(Reuters) - A Bangladeshi court on Tuesday upheld an order removing Nobel Peace Prize winner Muhammad Yunus as head of the microlending bank he founded, a move seen as part of a government vendetta over his political ambitions.
Yunus, 70, had been removed as head of Grameen Bank last week by the central bank at the government's behest on grounds that he had stayed on past the legal retirement age of 60.
The High Court struck down Yunus's petition, saying that his serving as the bank's managing director beyond age 60 was illegal. “Hence he must vacate the post,” the court added.
In 2007, while Bangladesh was ruled by an interim military government, Yunus tried to set up a political party, but later stepped back from the idea, saying it would not sit well with Bangladesh's traditional politics and cycles of unrest.
Though Yunus was unlikely to pose a threat to Prime Minister Sheikh Hasina, his proposed party could well have challenged the prime minister's party because of his popularity among poor voters.
One of Yunus's attorneys, Tanim Hussain Shawon, said: “We have already communicated the decision of the court to Professor Yunus and have yet to receive his opinion. We will then decide whether to appeal (to the Supreme Court).”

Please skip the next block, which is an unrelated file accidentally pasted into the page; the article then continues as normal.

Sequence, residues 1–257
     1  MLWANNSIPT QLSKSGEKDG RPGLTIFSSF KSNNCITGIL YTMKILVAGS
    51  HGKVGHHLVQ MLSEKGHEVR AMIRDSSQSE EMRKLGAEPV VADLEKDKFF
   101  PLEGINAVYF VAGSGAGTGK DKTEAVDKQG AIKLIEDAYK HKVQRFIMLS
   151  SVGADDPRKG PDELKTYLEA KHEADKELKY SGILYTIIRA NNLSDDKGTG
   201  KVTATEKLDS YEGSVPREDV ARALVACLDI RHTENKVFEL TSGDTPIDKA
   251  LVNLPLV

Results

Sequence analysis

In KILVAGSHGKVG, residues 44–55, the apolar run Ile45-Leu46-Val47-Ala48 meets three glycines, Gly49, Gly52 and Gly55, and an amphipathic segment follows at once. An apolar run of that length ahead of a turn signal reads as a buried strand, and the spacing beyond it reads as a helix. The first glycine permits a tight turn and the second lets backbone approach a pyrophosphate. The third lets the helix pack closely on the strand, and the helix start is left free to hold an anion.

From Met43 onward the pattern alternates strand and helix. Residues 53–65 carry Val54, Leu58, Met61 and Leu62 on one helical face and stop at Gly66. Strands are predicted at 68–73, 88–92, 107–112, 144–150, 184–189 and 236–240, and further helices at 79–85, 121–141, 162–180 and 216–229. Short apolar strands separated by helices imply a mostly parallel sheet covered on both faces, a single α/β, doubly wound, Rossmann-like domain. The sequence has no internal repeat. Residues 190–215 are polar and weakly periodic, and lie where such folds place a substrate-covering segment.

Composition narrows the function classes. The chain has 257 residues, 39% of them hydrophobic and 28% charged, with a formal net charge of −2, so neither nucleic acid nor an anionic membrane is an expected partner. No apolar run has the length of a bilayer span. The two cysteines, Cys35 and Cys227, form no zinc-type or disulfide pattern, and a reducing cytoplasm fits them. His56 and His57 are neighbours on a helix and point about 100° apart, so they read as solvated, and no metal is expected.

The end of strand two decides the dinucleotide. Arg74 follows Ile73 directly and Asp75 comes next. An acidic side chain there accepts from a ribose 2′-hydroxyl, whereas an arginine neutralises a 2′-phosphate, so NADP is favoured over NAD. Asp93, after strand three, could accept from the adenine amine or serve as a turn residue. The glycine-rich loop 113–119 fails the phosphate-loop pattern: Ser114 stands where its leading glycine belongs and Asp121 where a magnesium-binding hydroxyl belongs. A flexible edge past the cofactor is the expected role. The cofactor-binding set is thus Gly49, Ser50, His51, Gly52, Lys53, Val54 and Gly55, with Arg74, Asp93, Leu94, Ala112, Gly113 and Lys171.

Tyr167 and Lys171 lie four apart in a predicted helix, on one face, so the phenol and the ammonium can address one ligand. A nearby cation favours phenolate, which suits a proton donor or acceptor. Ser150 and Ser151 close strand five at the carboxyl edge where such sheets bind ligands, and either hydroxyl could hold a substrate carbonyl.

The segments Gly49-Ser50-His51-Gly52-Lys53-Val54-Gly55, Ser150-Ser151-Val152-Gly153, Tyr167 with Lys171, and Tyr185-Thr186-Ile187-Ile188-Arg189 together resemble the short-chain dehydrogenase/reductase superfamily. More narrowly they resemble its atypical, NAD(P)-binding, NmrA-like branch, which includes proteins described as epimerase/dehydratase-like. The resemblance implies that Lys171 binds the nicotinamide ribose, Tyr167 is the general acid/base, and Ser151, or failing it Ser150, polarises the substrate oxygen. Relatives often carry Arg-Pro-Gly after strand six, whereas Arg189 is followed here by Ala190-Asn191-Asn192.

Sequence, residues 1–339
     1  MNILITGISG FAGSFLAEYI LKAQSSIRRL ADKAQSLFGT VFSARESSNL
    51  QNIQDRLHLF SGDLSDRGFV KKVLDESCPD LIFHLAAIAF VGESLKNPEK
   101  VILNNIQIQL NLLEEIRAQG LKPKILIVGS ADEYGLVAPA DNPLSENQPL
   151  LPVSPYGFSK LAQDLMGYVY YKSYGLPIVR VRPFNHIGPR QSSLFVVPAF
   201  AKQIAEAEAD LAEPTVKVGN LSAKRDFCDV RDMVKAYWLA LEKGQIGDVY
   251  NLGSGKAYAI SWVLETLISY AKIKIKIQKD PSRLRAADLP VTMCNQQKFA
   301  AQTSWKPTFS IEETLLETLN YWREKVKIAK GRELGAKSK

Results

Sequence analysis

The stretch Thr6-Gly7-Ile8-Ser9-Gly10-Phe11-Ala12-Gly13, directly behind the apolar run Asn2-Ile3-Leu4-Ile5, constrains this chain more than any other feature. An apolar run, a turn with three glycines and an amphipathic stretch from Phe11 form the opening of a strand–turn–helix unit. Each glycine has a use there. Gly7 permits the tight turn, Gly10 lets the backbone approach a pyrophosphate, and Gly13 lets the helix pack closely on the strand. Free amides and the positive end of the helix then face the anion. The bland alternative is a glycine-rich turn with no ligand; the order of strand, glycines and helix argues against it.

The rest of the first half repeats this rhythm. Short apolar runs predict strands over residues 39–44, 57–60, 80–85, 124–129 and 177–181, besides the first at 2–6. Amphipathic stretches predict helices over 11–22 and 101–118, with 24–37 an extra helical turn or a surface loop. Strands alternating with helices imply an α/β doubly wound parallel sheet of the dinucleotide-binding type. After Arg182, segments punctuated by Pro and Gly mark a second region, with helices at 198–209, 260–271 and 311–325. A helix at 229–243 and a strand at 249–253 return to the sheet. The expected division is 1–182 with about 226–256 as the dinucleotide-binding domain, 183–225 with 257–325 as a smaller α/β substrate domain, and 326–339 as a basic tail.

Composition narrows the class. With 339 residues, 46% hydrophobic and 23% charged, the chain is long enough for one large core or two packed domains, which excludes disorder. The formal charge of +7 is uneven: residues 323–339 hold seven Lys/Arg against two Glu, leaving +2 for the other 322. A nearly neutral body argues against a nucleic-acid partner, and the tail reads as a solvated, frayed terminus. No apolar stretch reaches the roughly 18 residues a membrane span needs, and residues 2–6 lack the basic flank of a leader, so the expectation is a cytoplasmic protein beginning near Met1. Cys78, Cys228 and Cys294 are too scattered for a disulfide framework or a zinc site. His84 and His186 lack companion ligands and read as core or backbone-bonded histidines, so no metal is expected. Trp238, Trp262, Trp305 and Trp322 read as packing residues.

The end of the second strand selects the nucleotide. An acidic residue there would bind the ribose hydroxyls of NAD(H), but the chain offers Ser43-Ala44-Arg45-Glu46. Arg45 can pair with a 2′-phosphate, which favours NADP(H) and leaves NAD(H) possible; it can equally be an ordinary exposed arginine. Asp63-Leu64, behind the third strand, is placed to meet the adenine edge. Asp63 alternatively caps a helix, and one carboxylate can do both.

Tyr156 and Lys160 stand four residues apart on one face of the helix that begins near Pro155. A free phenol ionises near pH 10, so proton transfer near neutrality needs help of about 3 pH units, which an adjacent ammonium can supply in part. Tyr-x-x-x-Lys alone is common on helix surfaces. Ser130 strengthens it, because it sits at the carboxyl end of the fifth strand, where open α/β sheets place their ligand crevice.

On the eve of Tuesday's court ruling, Yunus said his dismissal had been staged by Hasina's government as part of its drive to take over the bank. [ID:nN0794676]
“This is a bank owned by poor women and that's right now under threat because our government somehow feels ... that they would like to take control of the bank,” Yunus said by video link to a panel on microfinance in Washington.
Action against Yunus coincides with increasing criticism of microlending in developing countries, including neighbouring India, with officials accusing bankers of exploiting the poor.
But analysts said the dismissal would annoy the country's friends, including the United States, and could even provoke protests within the country.
Thousands of protesters marched through Dhaka last weekend to denounce Yunus's removal.
Yunus has said he wants to step down from his position but at a time of his choosing to ensure a smooth transition for what he calls an institution “of the people”. Yunus set up Grameen, which means village in Bengali, and had been its managing director since 2000.
Lauded abroad by politicians and financiers, he has been under attack by the government since late last year, after a Norwegian documentary alleged the bank was dodging taxes.
Yunus has denied any financial irregularities.